« on: August 26, 2010, 05:39:40 PM »
Thank you both for your input. It has definitely lifted by spirits as I sit here and suffocate in my LSAT books haha. Best of luck!
I can be easy to get depressed by these things - but here is what I would consider the closest thing to a proxy for a litmus test for "will I enjoy being a lawyer:" The LSAT itself.
While the practice of law varies drastically, there is one central element that (as far as I know) is consistent, and that is the idea of "thinking like a lawyer." This buzzphrase can be hard to define, but for my purpose at the moment it means something along the line of "dispassionate analysis."
If you watch a news story about the "Ground Zero Mosque," or whatever controversial issue of the day, and you start wondering about the arguments and reasons for and against such a mosque, and you ENJOY that little conversation you are having in your head, regardless of whether you think the mosque is a good idea, then you are halfway to being a lawyer already. If, on the other hand, you immediately develop a strong opinion on the mosque, and find yourself unwilling or uninterested in hearing contrary arguments and get upset or angry when those arguments are presented - well, then the law may not be for you.
Lawyers enjoy the argument for its own sake. To outsiders, this looks like "arguing for the sake of arguing," as they say in disparaging tones, but that isn't it. Lawyers enjoy the intellectual satisfaction from an indepth analysis of the logical structures, including the various resulting questions and challenges. When most people voice an opinion they do not hold, they say they are "being the Devil's advocate." For lawyers, this is nonsense. We voice and examine every legitimate opinion, regardless of whether we share that opinion. We we do this, we are not being argumentative or contrarian, as outsiders may think, but merely inquisitive. In some ways, the practice of law is a never-ending philosophy class.
If you don't enjoy this type of thinking and intellectual exchange, or just can't do it at all, then you will probably be miserable as an attorney. That's my litmus test.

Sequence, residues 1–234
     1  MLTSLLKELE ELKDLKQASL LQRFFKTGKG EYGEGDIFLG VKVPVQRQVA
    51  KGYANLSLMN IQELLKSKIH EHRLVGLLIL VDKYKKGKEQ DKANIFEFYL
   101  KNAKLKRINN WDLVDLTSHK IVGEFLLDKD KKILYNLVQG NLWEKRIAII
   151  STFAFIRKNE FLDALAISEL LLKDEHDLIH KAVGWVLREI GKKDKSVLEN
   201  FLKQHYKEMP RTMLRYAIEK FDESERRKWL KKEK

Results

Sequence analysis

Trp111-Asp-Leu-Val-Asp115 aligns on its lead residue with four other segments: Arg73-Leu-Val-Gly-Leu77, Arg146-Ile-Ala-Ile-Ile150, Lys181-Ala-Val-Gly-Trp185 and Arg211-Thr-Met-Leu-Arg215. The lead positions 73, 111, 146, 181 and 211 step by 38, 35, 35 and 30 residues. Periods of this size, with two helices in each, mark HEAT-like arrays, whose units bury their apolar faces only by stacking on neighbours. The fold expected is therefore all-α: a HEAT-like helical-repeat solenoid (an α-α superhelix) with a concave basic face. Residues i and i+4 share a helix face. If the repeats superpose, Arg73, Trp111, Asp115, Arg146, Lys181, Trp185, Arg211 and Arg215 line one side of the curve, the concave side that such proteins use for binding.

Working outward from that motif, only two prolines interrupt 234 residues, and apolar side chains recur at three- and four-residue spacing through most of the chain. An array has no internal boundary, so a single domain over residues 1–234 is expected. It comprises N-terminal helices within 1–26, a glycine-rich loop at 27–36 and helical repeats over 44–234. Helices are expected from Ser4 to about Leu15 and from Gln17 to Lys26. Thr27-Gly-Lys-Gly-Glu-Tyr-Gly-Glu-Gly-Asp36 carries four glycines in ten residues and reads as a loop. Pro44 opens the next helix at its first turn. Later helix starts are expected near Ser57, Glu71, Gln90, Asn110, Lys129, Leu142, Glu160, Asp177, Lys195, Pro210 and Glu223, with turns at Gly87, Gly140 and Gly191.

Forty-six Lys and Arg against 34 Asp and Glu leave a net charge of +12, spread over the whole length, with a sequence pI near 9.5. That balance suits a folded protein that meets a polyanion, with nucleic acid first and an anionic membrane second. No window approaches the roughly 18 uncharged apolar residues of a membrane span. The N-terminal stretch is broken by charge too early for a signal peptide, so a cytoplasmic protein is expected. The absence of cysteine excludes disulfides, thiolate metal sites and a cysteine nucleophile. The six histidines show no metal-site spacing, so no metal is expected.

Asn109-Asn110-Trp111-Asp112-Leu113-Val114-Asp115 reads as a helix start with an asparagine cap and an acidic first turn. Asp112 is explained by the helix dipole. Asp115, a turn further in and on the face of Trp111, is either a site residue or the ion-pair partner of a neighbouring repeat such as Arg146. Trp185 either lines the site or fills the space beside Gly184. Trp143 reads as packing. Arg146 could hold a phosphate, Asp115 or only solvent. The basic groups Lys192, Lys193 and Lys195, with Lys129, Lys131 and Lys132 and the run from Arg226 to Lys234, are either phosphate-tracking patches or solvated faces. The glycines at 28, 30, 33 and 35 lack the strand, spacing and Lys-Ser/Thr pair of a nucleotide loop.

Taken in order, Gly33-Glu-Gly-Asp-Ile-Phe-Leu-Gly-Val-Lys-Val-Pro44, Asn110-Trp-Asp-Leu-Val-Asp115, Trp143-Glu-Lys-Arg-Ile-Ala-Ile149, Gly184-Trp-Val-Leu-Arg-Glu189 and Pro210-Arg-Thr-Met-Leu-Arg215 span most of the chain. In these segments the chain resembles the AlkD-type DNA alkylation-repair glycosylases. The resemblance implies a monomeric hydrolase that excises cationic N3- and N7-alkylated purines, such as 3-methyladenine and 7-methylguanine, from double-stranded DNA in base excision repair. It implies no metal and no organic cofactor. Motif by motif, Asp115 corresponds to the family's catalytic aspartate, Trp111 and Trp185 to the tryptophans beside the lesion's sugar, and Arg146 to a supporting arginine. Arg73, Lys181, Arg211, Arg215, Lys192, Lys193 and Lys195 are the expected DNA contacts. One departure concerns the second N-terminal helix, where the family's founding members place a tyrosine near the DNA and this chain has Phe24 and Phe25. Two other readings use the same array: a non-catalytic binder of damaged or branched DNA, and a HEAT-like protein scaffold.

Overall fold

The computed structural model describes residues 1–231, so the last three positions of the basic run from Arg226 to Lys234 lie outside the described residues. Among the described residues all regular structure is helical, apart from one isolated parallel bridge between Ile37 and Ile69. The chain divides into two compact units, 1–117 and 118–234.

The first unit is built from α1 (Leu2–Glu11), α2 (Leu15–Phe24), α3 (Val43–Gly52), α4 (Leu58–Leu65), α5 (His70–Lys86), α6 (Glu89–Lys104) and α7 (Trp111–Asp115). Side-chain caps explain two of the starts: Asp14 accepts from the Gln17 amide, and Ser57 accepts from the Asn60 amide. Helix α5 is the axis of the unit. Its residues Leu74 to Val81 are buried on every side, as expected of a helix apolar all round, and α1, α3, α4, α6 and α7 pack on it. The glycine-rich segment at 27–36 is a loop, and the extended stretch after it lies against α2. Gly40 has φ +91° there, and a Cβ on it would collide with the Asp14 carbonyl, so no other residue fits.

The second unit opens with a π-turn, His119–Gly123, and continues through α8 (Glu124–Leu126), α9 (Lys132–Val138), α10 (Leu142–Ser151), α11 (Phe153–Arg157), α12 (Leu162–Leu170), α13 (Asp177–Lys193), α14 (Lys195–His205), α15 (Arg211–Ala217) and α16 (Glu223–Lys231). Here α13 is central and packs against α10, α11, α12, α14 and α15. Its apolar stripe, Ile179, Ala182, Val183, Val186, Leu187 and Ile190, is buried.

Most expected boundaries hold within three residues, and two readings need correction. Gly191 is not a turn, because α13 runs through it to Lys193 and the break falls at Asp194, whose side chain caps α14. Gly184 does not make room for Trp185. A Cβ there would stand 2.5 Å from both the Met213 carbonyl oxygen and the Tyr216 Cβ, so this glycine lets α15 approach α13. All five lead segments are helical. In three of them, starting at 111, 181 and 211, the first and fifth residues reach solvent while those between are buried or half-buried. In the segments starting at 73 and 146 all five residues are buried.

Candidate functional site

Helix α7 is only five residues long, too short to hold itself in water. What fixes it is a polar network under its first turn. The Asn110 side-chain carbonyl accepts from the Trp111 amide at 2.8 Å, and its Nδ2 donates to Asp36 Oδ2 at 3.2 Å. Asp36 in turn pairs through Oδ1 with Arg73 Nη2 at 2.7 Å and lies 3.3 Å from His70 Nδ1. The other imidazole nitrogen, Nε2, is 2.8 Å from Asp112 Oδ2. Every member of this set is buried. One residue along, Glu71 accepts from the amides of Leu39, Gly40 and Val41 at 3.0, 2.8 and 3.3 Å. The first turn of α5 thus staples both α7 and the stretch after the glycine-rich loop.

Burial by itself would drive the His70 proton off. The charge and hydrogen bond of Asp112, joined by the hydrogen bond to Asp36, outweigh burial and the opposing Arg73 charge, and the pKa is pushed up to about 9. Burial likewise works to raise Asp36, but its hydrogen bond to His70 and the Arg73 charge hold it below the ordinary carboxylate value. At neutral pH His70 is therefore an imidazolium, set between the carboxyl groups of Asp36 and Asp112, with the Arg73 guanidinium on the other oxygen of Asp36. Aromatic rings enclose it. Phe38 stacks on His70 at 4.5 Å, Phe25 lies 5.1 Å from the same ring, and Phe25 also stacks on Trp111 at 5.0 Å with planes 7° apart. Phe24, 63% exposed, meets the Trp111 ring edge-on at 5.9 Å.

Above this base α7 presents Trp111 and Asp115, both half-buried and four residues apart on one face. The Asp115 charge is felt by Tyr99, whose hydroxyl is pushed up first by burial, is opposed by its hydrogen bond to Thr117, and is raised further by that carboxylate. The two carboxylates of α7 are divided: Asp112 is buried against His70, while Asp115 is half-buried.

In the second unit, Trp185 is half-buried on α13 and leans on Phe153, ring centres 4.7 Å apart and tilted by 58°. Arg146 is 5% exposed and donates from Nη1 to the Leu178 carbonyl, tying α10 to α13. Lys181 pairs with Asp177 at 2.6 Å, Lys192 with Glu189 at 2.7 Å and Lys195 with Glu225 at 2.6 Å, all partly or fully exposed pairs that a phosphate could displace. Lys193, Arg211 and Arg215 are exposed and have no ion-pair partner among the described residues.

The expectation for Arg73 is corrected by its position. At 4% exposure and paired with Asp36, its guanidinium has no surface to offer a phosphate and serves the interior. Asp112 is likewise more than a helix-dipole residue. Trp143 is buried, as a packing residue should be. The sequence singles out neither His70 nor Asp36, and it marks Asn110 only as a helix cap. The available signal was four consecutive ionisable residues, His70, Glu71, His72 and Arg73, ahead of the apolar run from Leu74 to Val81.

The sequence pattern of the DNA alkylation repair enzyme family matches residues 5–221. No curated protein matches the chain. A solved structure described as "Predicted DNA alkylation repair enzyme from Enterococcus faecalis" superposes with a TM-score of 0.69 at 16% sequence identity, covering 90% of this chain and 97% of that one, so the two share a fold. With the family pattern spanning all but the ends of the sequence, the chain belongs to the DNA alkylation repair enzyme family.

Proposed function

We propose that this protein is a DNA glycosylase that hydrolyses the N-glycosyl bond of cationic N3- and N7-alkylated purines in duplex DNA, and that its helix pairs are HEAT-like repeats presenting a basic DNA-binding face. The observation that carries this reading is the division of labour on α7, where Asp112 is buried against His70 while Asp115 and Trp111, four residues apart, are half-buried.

The LSAT, in its own way, is trying to test this way of thinking. Not because table seating charts are particularly controversial or interesting, but because the various LSAT questions require the ability to ignore the facts and look at the underlying logical relationships. The subjects may be silly and boring, but the underlying mental exercise in the LSAT is in many ways similar to what I do on the job every day.
So here is my proxy litmus test: If you are unable to do reasonably well on the LSAT, or if you find LSAT practice questions just a miserable horrible thing (because of the questions themselves, not because of the time not spent doing something more fun), then, frankly, I think you should reconsider whether law school is for you. Not because you won't be a good lawyer, but because - IMO - you won't enjoy being a lawyer.
(Another random story: one of my law school classmates is - or was, last time I checked - an honest to goodness SVU prosecutor, Law & Order style. All she does all day is prosecute the worst sex offenders. Child molesters, serial rapists, torturers - all the cases with the most horrific facts. The stuff of nightmares (and TV shows). I would slit my wrists after a week on that job. She loves it. Everybody is different.)
That was a very good example using the current mosque debate going on, and I definitely happen to be one of those people who tries to understand both sides of the argument. Im registered for the October 9th LSAT and I'm currently taking the Kaplan prep course right now. I think in my own free study time it was best to use these PowerScore bibles instead. Any advice on study tips, and how many hours would you recommend outside the six hours of class time per week I should be putting in leading up to the exam? I sincerely appreciate your time and input.